“What sort of place had I come to, and among what kind of people? What sort of grim adventure was it on which I had embarked? Was this a customary incident in the life of a solicitor’s clerk sent out to explain the purchase of a London estate to a foreigner?” (Stoker 21)

Jonathan Harker, a solicitor, begins as the narrator of Dracula. So let’s talk about this guy. He keeps a pretty descriptive journal for your average traveling lawyer. His account of his travels into Transylvania begins as a straightforward travelogue; he’s doing his best to describe the countryside, people and customs as accurately as possible. Obviously, though, his bias is real strong in favor of English Protestants. I like how he is judging the locals for all their superstitions, eg the sign against the evil eye, but HE HIMSELF has lots of uncomfortable feelings about wearing the rosary he is given by a local (10). Dear old Jon has lots of superstitions of his own that he doesn’t even notice. Again, he’s judging the locals for being so ignorant and quaint, but clearly the locals know a lot that he doesn’t. Like, say, LOCAL COUNTRYSIDE VAMPIRISIM? Even more hilarious is when, after their previous efforts have failed, they try to keep Jon from meeting up with Dracula’s coachman by getting him to the meeting place ahead of time. “SORRY, ENGLISH GUY, NO ONE HERE, SORRY, WE TRIED EVERYTHING, NOW LET’S GO HOME” (15). No one can say they didn’t do their best for the English idiot running off into bat country.

iar2sy6In spite of his terrifying carriage ride, Jonathan tries to keep up with his travelogue, describing the Count, the castle, and the history and culture he learns from the Count. Even when Dracula doesn’t show up in mirrors (34), Jon tries to remain the stodgy English solicitor – his travelogue doesn’t really give up and die until Jonathan sees Dracula crawling across the castle like a giant scary spiderman (44). After that, we’re pretty solidly in horror-genre territory. Jon seems to give up on his cute little Memos, too: “Mem. This diary seems horribly like the beginning of the ‘Arabian Nights,’ for everything has to break off at cockcrow—or like the ghost of Hamlet’s father.)” (39). THAT’S NOT A RECIPE, JON.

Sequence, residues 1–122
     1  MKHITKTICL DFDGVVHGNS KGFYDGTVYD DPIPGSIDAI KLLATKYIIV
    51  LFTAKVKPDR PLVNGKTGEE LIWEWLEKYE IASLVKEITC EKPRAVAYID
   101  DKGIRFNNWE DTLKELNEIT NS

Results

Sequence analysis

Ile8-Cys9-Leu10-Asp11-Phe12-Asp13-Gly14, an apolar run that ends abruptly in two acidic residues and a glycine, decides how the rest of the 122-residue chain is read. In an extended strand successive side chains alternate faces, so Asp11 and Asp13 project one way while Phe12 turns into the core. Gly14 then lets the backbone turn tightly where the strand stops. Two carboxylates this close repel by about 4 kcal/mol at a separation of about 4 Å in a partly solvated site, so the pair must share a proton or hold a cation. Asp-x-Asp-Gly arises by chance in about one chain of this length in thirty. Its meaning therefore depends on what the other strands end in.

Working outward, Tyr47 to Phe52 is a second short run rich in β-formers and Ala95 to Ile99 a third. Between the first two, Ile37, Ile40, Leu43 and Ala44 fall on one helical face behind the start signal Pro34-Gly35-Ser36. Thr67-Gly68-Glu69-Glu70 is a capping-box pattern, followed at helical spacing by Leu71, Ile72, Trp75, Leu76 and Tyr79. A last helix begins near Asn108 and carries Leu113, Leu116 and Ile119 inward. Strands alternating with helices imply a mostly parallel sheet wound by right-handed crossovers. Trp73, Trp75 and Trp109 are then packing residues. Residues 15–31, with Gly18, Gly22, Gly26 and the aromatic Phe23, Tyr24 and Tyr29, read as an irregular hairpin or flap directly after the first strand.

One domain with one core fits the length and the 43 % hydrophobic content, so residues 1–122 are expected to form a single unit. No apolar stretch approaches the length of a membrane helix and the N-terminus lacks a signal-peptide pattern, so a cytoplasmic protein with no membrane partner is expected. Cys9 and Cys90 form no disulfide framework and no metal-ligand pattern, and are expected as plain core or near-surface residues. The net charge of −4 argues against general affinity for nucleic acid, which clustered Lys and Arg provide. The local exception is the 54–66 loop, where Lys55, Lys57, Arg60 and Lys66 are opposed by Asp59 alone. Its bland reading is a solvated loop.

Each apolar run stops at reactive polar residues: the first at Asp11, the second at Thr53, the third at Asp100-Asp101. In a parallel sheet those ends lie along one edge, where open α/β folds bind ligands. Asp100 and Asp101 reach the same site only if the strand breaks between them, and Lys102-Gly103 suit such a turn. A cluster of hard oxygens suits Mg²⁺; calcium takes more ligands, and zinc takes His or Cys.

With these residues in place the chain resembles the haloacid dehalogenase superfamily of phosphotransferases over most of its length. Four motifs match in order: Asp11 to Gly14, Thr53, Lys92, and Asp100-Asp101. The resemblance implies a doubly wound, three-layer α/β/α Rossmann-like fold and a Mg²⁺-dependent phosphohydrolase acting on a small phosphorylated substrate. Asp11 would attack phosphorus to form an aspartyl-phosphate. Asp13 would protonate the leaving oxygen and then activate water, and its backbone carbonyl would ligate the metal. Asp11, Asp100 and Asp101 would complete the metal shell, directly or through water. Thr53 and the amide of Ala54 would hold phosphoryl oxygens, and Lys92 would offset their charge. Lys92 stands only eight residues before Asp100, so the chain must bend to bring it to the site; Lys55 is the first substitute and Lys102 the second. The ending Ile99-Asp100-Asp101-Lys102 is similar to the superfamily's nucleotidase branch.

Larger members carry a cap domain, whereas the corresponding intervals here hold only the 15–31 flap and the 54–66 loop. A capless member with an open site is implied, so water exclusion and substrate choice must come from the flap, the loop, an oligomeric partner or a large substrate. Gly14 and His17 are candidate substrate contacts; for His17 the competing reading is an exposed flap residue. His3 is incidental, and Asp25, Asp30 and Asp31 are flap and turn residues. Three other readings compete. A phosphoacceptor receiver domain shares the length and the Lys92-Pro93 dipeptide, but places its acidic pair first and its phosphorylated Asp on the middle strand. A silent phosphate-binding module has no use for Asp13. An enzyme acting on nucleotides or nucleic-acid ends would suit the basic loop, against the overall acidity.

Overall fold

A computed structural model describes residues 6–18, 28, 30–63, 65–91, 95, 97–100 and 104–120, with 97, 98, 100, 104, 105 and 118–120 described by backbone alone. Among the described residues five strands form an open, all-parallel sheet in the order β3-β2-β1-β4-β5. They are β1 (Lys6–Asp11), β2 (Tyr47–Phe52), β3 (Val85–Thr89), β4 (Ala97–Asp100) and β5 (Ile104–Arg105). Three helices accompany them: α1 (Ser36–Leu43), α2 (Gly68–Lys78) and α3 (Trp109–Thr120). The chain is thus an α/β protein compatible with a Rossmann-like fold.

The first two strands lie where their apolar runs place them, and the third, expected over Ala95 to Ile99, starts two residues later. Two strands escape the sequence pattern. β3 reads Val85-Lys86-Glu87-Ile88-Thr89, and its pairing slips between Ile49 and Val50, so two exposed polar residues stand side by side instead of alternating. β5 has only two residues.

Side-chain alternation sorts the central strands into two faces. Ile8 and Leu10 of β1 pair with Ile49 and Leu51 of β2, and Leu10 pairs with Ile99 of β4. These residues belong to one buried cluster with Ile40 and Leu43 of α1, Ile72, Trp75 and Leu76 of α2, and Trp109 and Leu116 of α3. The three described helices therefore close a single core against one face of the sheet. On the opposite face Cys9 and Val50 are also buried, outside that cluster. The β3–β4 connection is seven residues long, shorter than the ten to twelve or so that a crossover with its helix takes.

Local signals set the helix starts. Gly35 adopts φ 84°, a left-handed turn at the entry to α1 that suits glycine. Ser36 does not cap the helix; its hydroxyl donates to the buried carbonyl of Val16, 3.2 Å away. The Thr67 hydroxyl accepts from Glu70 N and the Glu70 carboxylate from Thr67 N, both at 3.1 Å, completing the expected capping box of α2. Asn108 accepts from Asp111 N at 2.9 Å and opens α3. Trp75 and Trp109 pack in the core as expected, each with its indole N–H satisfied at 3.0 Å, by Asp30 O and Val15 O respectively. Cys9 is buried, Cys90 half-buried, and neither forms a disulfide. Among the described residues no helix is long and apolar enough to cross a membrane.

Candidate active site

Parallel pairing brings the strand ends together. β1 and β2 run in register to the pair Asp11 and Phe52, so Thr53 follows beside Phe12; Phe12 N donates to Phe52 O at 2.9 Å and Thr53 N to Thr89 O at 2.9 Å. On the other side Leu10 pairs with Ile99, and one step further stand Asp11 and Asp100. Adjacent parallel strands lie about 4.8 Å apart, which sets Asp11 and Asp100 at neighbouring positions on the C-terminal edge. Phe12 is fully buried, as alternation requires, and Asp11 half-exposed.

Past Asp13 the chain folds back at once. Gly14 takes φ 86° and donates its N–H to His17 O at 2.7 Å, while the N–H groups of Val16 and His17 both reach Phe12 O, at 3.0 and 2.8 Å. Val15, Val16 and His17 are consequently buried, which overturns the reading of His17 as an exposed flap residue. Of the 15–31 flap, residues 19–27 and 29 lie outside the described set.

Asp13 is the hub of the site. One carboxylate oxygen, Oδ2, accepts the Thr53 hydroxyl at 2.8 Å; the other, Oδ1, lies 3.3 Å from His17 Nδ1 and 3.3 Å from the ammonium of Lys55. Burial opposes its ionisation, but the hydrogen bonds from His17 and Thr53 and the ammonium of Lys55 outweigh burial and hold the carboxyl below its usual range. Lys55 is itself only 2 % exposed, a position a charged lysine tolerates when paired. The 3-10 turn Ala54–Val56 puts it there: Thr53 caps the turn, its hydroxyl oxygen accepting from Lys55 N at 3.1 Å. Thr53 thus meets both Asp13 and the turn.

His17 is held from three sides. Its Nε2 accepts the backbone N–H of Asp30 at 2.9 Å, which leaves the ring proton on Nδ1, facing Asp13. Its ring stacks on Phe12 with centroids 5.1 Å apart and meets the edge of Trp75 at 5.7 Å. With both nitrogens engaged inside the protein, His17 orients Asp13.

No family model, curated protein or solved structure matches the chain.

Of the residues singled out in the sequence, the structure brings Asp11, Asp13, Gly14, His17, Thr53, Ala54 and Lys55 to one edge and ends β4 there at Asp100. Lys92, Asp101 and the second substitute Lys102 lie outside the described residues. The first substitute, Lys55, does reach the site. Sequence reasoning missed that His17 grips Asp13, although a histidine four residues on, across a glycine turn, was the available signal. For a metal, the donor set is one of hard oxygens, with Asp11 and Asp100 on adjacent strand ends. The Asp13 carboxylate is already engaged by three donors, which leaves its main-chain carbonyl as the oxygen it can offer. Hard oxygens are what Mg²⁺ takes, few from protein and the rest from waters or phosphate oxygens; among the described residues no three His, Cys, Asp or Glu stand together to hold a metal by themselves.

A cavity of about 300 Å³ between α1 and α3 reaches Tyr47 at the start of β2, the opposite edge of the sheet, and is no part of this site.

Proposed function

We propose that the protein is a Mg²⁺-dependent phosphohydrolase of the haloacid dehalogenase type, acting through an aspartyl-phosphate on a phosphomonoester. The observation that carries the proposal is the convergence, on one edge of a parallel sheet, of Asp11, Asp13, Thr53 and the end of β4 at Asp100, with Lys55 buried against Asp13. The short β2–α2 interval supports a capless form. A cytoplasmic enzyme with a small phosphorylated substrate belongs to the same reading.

On Twitter, @baubitt pointed out Jonathan’s weird sexism toward ladies in olden times. Further, it’s fascinating that Jon identifies more to a woman writing love-letters than to Wallachian warlords (46). Like, he doesn’t wander around the castle looking at tables and saying “in ages past some striking manly bloodthirsty warrior type made his ill-spelt plans UPON THIS VERY TABLE.” He’s also meeting basic requirements for the damsel in distress trope thus far: trapped in a castle, at the mercy of a masculine Gothic villain, wanders around at night against orders, is almost gang-kissed by lady vampires….Honestly, the scene with all the vampires fighting over Jon is the kind of quality content I’m here for. Although their discussion about Dracula’s ability to love is terrifying and strange: what do you make of it?

A few notes on our jolly old Count:
-the coachman is definitely him, right? Right?
-Dracula is not a sexy vampire so far (24-25). Where did the sexy vampire trope come from?
-he’s a smart dude. He knows that language is power – he wants to be seen as a master and knows he has to master the local language to do so (27-28). I like how many times he asks Jon how to really blend in with the natives, wink wink nudge nudge.
-“Why, there is hardly a foot of soil in this region that has not been enriched by the blood of men, patriots or invaders” (29). BLOOD. BLOOOOOOOOOOOOOOOOD.

Technology Sighting! I like Jonathan’s cutting-edge shorthand diary and how proud he is of it: “It is nineteenth century up-to-date with a vengeance. And yet, unless my senses deceive me, the old centuries had, and have, powers of their own which mere ‘modernity’ cannot kill” (46). You go, babe.

What are your thoughts so far? Feel free to comment below, and remember to check out the #dracAlong hashtag on twitter/instagram!

Dracula Readalong

Dracula by Bram Stoker (in which Mina and her many boyfriends hunt monsters) has all the spine-tingles of a good horror story and all the wordcraft of a classic. I’m rereading one of my favorite books, starting September 5th. I’m hoping to finish by Halloween, as if right and proper. Please join me!

The Schedule: img_1779
9/13: Finish Chapter 3
9/20: Finish Chapter 7
9/27: Finish Chapter 10
10/4: Finish Chapter 14
10/11: Finish Chapter 17
10/18: Finish Chapter 20
10/25: Finish Chapter 24
10/31:Finish Chapter 27

I’ll be posting here a couple of times a week with quotes, questions, and random observations/commentary. Any page number references will be to my copy, the Barnes and Noble 2003 paperback.  I might do some extra reading on JSTOR or other weird places; if I find anything interesting, I’ll link it.

Starter question: Have you read Dracula before? Is there an edition or cover that you particularly love? I keep meaning to take a peek at The New Annotated Dracula because it sounds hilarous and awesome.